The relationship between Pi (p) and Phi (F) is expressed in the fundamental proportions of the Great Pyramid. Even though textbooks and mainstream scholars suggest that the ancient Greeks were those who discovered the relationship of Pi, it seems that the builder of the Great Pyramid predated the ancient Greeks by quite some time. Pi is the relationship between the radius of a circle and its circumference. The mathematical formula is:
Circumference = 2 * pi * radius (C = 2 * pi * r)
According to reports, the vertical height of the pyramid holds the same relationship to the perimeter of its base (distance around the pyramid) as the radius of a circle bears to its circumference. If we equate the height of the pyramid to the radius of a circle than the distance around the pyramid is equal to the circumference of that circle.
The celestial connection
While many believe there is a direct correlation between the constellation of Orion and the Pyramids at the Giza plateau, many people are unaware of the fact that the Descending Passage of the Great Pyramid pointed to the pole star Alpha Draconis, circa 2170-2144 BCE. This was the North Star at that point in time. No other star has aligned with the passage since then.
Orion and The Great Pyramid
The southern shaft in the King’s Chamber pointed to the star Al Nitak (Zeta Orionis) in the constellation Orion, circa 2450 BCE. The Orion constellation was associated with the Egyptian god Osiris. No other star aligned with this shaft during that time in history.
The Sun, math and the Great Pyramid
Twice the perimeter of the bottom of the granite coffer times 10^8 is the sun’s mean radius. [270.45378502 Pyramid Inches* 10^8 = 427,316 miles]. The height of the pyramid times 10**9 = Avg. distance to the sun. <5813.2355653 * 10**9 * (1 mi / 63291.58 PI) = 91,848,500 mi>Mean Distance to the Sun: Half of the length of the diagonal of the base times 10**6 = average distance to the sun Mean Distance to Sun: The height of the pyramid times 10**9 represents the mean radius of the earth’s orbit around the sun or Astronomical Unit. < 5813.235565376 pyramid inches x 10**9 = 91,848,816.9 miles>Mean Distance to Moon: ] The length of the Jubilee passage times 7 times 10**7 is the mean distance to the moon. <215.973053 PI * 7 * 10**7 =1.5118e10 PI = 238,865 miles >(source)
The Great Pyramid and planet Earth
The weight of the pyramid is estimated at 5,955,000 tons. Multiplied by 10^8 gives a reasonable estimate of the earth’s mass. With the mantle in place, the Great Pyramid could be seen from the mountains in Israel and probably the moon as well (citation needed). The sacred cubit times 10**7 = polar radius of the earth (distance from North Pole to Earth’s center) <25 PI * 10**7 * (1.001081 in / 1 PI) * (1 ft / 12 in) * (1 mi/ 5280 ft) = 3950 miles >
The curvature designed into the faces of the pyramid exactly matches the radius of the earth. (source) (source)
Not for mummies
The Great Pyramid of Giza was erected, according to mainstream scholars, to serve as the eternal resting place for a Pharaoh. Contrary to the mainstream theories, no mummy has ever been discovered in the Great Pyramid of Giza. This important fact provides much needed space to theorize about the possible use of the Great Pyramid of Giza which, as we can see, was not meant to serve as a tomb.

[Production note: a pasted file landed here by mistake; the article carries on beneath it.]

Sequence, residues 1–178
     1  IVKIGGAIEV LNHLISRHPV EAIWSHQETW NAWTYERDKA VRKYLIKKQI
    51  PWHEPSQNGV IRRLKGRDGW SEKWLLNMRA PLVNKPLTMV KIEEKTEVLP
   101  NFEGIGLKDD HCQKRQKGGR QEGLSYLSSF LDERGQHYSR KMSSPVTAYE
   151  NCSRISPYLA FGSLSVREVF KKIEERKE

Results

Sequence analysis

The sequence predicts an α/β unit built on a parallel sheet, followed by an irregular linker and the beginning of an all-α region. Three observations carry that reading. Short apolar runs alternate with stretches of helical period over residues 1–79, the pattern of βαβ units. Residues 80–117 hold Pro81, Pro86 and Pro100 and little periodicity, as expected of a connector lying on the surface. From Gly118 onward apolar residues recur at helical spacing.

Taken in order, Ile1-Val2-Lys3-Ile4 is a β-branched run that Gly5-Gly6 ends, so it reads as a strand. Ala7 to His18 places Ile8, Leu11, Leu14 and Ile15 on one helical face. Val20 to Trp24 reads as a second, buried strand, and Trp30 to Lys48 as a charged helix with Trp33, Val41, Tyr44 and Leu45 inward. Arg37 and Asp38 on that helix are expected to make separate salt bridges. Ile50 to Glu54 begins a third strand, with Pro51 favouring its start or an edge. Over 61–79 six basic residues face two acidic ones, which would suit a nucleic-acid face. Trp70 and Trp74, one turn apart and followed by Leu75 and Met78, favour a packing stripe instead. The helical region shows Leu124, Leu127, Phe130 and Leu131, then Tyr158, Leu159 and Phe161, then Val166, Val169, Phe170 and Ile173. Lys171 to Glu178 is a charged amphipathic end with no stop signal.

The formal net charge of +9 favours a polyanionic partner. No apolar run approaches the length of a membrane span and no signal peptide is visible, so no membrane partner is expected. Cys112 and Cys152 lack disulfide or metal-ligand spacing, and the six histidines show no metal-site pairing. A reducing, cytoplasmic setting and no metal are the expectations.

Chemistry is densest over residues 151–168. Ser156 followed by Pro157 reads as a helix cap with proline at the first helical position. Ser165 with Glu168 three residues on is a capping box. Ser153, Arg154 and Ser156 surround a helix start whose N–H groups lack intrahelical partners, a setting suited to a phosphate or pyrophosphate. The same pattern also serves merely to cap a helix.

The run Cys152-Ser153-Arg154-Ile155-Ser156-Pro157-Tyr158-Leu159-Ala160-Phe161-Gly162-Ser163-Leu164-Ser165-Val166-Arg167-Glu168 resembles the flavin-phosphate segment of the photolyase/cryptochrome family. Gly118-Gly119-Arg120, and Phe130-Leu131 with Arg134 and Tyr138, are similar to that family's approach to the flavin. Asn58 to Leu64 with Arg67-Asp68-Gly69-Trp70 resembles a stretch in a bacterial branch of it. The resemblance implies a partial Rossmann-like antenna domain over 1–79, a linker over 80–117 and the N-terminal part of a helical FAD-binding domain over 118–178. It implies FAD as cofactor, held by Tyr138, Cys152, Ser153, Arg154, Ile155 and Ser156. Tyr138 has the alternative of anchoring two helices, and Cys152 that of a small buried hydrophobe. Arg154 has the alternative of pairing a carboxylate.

When it was first entered by the Arabs in 820 AD, the only thing found in the pyramid was an empty granite box in the King’s chamber called the “coffer”. (source)
Built in harmony with the galaxy
According to reports, on midnight of the autumnal equinox in the year when the builder of the Great Pyramid finished its construction process, a line extending from the apex pointed to the star Alcyone.
Alcyone is the brightest star in the Pleiades open cluster, which is a young cluster, aged at less than 50 million years. It is located approximately 400 light years from Earth. (source)
It is believed that our solar system revolves around this star accompanied with other solar systems much like the planets in our solar system revolve around the sun. How the ancient builders of the Pyramid have such advanced astronomical knowledge still remains a mystery.
The Ark of the Covenant and the Great Pyramid of Giza
A detail that was unknown to me until not long ago is that the volume or cubic capacity of the Coffer in the King’s chamber is exactly the same volume to the Ark of the Covenant as described in the Bible. Interestingly, The granite coffer in the “King’s Chamber” is too big to fit through the passages and so it must have been put in place during construction.
The mysterious coffin in the Great Pyramid
If the great coffin wasn’t meant to house the remains of a Pharaoh, then what was its real purpose? The coffer was made out of a block of solid granite. This would have required bronze saws 8-9 ft. long set with teeth of sapphires. Hollowing out of the interior would require tubular drills of the same material applied with a tremendous vertical force. Microscopic analysis of the coffer reveals that it was made with a fixed point drill that used hard jewel bits and a drilling force of 2 tons.